Wednesday, June 20, 2012

So You Want to Go All Grain?

I have been brewing for about 5 years now and my process/equipment haven’t changed much from the beginning.  I’m going to give you an overview of my mash tun set up and how I accomplish my sparge.  There are other methods out their but these are the ones that seemed the simplest to me when I started and the ones I continue to use today.  If you are new to homebrewing and /or all grain some of this might seem overly complicated but don’t be discouraged.  If you can make tea, you have all the mechanics down to make beer. 

One of the first decisions you have to make when making the jump to all grain is what kind of mash tun you are going to use.  My Mash Tun of choice is a rectangular Coleman Cooler.  This is what I had in the garage when I decided to make the jump to all grain and have loved it ever since.  Wait WTF is a mash tun?  A mash tun is basically where you are going to mix your cracked grains and your heated water.  Inside the tun the heated water will cause the starches in the grains to “convert” and change into sugar.  There are different variables to change the outcome of the beer profile but the typical values are 1.5 quarts of mash water to 1lb of grain at a temperature of around 152 F.  Once the grain is mixed with the water, you have to let it rest.  This will typically take about 1 hour and then you are ready to start rinsing the sugar out of the grain.  To do this you will be completing a process called sparging.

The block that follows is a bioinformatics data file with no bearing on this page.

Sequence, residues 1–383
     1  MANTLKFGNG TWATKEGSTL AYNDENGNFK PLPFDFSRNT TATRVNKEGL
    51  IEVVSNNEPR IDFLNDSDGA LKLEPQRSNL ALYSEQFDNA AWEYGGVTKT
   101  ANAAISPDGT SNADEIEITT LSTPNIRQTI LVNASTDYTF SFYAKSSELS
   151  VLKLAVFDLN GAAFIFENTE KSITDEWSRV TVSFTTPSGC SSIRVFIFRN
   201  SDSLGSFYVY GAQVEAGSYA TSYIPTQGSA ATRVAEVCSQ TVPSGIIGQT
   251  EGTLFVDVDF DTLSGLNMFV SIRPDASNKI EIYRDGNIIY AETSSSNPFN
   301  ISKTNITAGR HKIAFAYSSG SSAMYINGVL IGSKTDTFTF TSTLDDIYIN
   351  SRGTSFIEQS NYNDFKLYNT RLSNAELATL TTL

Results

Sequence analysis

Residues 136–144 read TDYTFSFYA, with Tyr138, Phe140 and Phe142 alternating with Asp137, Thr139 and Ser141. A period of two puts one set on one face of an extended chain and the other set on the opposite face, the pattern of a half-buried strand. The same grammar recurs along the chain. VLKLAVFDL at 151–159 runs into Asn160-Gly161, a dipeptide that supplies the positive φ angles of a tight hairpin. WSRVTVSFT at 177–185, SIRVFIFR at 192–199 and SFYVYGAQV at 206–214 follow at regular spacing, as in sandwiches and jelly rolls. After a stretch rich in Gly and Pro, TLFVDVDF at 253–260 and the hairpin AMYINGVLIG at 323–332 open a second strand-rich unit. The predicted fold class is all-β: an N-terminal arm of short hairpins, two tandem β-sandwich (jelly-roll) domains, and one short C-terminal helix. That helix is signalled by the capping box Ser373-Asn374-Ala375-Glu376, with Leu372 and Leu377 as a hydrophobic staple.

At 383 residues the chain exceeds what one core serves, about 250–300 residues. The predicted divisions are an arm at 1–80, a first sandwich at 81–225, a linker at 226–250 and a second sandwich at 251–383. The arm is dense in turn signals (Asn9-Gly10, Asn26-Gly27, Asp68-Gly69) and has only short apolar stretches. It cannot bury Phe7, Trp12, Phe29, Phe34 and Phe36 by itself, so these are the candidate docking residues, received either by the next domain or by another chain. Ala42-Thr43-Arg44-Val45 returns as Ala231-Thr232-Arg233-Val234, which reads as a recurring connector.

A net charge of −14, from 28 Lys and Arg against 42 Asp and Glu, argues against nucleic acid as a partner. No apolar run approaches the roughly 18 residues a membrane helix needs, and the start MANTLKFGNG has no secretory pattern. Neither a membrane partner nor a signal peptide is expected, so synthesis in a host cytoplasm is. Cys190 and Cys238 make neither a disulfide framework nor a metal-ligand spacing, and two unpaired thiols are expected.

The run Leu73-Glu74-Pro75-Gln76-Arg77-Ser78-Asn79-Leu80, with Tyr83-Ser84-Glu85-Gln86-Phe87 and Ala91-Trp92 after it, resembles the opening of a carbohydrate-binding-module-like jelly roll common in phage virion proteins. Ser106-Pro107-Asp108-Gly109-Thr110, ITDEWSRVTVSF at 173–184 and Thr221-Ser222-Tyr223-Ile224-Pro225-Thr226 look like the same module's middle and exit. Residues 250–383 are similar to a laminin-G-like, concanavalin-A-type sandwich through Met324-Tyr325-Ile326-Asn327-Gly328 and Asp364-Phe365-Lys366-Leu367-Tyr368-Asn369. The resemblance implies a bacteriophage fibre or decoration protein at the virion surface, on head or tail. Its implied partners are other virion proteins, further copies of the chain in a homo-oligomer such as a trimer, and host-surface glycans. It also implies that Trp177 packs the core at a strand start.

Sparging involves taking 170F water and “sprinkling” it over the grain bed to rinse the sugars from the grain.  The methods of sparging generally comes in two flavors, batch sparging and fly sparging.  Briefly peruse the interwebs and you can see the homebrew community is locked into a heated battle over which method is best.  I think only a few people have lost their lives in this debate but be careful, homebrewers are crazy.  I’m sure both methods have their positive attributes but I’ve  personally only used the fly sparging method.  Fly sparging involves dripping your sparge water onto your grain bed from above in a steady amount while at the same time draining your wort (sugar water) from the bottom of the tun at approximately the same ratio.  Both methods accomplish the same goal (rinsing sugars out of the grain) but when I started brewing, the fly sparging method seemed less complicated.   I hold my sparge water in a 10 gallon round cooler (called a hot liquor tank) on top of my refrigerator.  I used a 5 gallon round cooler for years when I was brewing 5 gallon batches.  I just recently bought the 10 gallon cooler to accommodate 10+gallon batches.  When I’m ready to sparge (sparge water already in my hot liquor tank) I run a hose from the hot liquor tank down to the mash tun and let gravity do its work.  As with everything in homebrewing you can make this as elaborate or complicated as you want.  You can add fancy ball valves and plumbing if you like but it is not necessary.  Some vinyl tubing and a cheap plastic valve is all you need.